It’s all uphill at Keystone bike race | SummitDaily.com
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It’s all uphill at Keystone bike race

KEYSTONE – If mountain bikers in the High Country feel they haven’t had many chances to get their legs and lungs into shape during the wet spring, they can make up for it and then some Saturday during the fifth annual Keystone Uphill Mountain Bike Challenge.

The uphill race, which is the first of the Mountain Sports Outlet (MSO) race series at Keystone Resort, is a six-mile, lung-busting haul 2,400 feet up Jackstraw Road to the summit of Keystone Mountain.

“To climb as hard as you can for 50 minutes is really difficult,” said Luke Mason, uphill regular who took fourth in the race last year as well as second overall in the Summit Mountain Challenge (SMC) mountain bike race series, which kicks off its 17th season tonight on the Frisco Peninsula.



“It’s a good test to see where you are,” Mason said. “I need something to get my butt in gear. It’s a cool race if you get into a rhythm. It starts out so steep, you’re working really hard right away. It’s more of a training race for me.”

About 220 racers turned out for last year’s race – a huge leap from the 25 that showed up for the inaugural event five years ago. Last year, many of the front runners came from the Front Range. Don Maneth of MSO launched the series last year and, with Trek as the series’ new title sponsor, is hoping it establishes itself this season as a solid outlet for mountain bikers across all of Colorado as well as those from Summit County.



“We’ve never looked at this as a local race series,” he said. “We look at it as a series that will draw 50-50 representation from local and Front Range riders. We don’t want to compete against the (SMC) series where it’s all cross country and mostly the same riders every Wednesday. We’ve picked different races for different disciplines. We’re really trying to establish this as a viable racing series in the Colorado area and to promote Keystone, which really has some of the best mountain bike trails you’ll find anywhere.”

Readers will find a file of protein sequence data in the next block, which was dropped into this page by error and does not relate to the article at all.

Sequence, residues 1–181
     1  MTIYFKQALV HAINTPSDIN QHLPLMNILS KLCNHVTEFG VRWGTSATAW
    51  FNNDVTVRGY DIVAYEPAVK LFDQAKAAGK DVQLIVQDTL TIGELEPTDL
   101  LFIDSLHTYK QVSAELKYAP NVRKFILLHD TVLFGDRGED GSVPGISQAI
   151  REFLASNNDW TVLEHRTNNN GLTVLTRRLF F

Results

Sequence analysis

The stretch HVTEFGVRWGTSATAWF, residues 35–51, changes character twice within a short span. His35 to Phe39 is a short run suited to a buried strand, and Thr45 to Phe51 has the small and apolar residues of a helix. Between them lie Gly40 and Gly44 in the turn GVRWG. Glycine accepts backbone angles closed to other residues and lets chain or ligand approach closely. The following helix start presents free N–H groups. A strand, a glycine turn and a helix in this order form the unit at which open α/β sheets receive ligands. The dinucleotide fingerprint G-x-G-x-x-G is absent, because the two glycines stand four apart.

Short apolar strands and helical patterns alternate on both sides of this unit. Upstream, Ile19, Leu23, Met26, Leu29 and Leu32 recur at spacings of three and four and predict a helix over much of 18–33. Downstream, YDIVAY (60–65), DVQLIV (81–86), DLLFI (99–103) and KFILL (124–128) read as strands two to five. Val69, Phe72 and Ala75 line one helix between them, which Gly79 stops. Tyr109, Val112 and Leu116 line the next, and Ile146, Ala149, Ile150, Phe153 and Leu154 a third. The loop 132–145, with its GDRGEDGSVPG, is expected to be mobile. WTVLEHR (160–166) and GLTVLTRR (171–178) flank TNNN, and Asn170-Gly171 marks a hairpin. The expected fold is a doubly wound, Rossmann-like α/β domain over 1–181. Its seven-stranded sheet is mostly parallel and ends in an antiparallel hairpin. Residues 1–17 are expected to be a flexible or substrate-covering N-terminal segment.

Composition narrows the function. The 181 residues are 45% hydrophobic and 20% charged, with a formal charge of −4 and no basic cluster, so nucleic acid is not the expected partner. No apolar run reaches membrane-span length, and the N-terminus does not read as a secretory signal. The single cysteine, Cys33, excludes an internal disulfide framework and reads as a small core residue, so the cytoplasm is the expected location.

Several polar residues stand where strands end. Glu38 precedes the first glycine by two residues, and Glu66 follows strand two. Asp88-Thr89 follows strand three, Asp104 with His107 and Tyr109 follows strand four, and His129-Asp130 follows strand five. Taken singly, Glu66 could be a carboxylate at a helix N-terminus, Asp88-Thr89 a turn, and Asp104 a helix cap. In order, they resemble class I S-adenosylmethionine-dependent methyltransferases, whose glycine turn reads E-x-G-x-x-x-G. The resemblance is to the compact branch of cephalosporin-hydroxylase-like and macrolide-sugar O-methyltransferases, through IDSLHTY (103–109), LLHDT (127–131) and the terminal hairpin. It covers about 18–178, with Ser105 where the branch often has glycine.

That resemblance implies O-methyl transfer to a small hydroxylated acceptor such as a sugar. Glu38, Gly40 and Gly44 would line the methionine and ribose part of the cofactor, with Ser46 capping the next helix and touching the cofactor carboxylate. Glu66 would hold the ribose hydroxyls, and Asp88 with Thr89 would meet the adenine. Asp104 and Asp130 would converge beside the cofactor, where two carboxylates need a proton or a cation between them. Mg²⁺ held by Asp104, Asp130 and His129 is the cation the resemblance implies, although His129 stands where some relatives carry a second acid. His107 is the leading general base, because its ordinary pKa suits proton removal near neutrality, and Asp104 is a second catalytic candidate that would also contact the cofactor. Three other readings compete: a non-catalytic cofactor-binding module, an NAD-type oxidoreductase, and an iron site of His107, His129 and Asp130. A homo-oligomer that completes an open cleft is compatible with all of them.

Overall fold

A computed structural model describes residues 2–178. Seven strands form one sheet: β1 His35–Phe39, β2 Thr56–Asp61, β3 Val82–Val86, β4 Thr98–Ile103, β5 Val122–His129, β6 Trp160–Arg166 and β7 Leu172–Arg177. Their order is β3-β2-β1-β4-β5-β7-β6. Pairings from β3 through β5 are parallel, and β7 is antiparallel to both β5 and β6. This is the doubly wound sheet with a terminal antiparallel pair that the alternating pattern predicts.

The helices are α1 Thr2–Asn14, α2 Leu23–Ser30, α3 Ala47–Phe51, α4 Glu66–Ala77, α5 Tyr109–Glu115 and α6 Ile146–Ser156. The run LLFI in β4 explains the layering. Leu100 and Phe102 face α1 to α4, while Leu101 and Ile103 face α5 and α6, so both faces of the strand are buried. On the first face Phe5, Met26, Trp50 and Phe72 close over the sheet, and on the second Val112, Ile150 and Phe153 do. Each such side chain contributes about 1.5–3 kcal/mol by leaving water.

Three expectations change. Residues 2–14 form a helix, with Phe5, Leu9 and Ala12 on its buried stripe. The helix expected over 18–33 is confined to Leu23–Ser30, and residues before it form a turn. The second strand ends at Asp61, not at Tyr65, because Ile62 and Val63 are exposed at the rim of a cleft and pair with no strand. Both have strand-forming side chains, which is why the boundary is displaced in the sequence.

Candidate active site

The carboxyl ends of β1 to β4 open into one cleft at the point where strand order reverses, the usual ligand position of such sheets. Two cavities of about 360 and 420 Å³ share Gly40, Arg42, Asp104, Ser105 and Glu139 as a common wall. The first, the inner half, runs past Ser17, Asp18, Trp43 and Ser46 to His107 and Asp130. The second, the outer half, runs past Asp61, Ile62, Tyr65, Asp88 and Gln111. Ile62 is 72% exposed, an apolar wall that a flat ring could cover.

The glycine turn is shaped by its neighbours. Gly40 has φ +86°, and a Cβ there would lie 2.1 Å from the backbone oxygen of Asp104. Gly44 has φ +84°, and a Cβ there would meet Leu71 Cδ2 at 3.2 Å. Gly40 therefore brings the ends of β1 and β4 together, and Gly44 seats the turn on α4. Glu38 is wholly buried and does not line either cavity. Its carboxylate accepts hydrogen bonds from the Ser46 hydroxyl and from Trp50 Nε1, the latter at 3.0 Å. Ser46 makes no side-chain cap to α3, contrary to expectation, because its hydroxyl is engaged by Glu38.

The MSO series inherited the uphill race last year, when it easily yielded the best turnout of any other race in the series, which will follow last year’s lead of including a short track race June 21, a 12-hour race June 26 and a downhill Aug. 9. The series will add a cross country finale Aug. 16.

“We want feedback from people,” Maneth said. “We want to hear, “we love the downhill, you should add a mountaincross,’ or, “we love the 12-hour, you should do more events like that.’ Every year, it surprises me how many people really want to climb to the top of the mountain. I’ve seen people riding up the road this week. The first mile and a half is the true measure. If you can make it past that and recover, you’ll be fine. A lot of people sign up just to see if they can do it.”

The uphill sets itself apart from other races in that all racers, regardless of age or skill, tackle the same grueling course. Spectators should be advised that the lifts will not be running to carry them to the finish line or back down the mountain, so hiking or biking are the only options. Shuttles will be available for racers who don’t want to ride back down the road.


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